Horowitz's influence was of course immense. During his heyday pianists, particularly in America, aped his every mannerism. Alas, sounding neither like Horowitz nor themselves they usually ended in confusion, sadly uncertain of their true musical identity. 'The mantle of Horowitz' has supposedly descended on a great many young shoulders but few if any merit such an accolade and the majority are clearly of another breed. 'They think they sound like me, but. . . they don't!', Horowitz gleefully chuckled. Horowitz was by his very nature inimitable.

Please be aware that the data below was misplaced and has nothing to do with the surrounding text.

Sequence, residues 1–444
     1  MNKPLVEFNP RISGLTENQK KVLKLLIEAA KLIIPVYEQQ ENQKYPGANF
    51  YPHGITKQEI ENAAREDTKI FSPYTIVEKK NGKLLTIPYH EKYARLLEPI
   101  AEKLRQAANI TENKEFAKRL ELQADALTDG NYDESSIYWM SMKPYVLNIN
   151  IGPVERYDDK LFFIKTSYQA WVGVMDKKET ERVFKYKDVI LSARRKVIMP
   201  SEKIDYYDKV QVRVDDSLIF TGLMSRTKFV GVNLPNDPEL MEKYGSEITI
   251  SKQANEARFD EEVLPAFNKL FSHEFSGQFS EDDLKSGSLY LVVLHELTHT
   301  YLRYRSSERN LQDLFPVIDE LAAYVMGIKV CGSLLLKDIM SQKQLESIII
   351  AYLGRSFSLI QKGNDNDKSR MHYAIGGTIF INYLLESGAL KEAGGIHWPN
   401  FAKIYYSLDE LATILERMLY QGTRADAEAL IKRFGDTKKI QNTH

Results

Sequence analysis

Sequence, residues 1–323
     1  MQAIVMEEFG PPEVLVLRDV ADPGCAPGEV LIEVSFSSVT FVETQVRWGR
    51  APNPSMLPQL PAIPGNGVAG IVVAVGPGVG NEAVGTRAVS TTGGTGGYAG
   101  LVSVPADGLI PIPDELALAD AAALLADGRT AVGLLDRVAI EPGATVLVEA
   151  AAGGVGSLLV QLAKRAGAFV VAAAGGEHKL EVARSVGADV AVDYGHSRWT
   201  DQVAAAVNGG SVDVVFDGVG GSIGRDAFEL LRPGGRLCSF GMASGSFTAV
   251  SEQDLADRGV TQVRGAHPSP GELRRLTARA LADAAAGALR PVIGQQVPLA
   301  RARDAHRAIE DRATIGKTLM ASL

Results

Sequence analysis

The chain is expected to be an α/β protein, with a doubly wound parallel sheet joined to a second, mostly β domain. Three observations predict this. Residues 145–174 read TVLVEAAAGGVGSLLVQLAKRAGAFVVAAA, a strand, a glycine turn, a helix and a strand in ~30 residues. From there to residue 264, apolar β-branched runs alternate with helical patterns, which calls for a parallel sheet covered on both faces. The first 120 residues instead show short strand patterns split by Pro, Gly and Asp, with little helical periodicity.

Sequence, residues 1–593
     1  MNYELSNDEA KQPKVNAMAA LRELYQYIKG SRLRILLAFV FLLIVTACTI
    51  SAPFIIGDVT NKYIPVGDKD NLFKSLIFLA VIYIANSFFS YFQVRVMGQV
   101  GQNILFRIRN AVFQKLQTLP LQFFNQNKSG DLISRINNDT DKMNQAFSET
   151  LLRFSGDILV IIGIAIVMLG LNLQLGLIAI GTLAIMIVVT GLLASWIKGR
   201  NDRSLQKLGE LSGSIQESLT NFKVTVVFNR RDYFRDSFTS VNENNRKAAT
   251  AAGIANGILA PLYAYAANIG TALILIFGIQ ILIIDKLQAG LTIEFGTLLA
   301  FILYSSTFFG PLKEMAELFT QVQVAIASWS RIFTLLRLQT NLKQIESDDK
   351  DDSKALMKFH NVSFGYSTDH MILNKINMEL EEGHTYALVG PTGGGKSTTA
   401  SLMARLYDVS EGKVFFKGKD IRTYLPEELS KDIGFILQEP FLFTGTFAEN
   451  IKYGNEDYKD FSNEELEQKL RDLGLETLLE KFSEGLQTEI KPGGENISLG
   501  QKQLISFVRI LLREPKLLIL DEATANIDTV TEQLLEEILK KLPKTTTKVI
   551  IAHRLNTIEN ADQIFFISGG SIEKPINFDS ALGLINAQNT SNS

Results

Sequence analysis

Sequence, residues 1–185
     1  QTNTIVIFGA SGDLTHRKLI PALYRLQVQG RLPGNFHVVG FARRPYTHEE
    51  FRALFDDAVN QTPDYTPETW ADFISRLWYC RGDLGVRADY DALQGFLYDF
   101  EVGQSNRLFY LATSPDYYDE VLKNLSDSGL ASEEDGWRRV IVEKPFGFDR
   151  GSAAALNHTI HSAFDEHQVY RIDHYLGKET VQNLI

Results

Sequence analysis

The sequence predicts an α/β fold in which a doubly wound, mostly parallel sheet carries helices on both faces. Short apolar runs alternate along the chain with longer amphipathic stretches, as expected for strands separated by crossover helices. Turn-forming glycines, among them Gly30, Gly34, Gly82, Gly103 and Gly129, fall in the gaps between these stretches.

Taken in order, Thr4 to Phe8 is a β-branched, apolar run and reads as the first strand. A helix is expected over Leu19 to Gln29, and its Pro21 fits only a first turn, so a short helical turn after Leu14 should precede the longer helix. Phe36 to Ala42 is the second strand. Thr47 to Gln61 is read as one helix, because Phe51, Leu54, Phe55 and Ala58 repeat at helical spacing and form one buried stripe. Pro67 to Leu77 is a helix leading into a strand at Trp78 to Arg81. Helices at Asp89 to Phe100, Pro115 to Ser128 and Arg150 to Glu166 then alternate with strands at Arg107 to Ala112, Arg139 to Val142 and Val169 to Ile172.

Only a book could hope to chart the uncertain zig-zag nature of Horowitz's art and career. There was, for example, his dual American debut with Sir Thomas Beecham in 1928 in Tchaikovsky's First Concerto. Stung by Sir Thomas's condescension Horowitz broke free and, with a coltish 'I'll show you, my English lord' velocity, stole the limelight and he achieved one of the most spectacular successes in the history of piano playing. Later came those frighteningly long silences, or 'sabbaticals', before a glorious – because unexpected – resurgence of activity, including his emotional return to his native Russia in 1986 after a 60-year absence.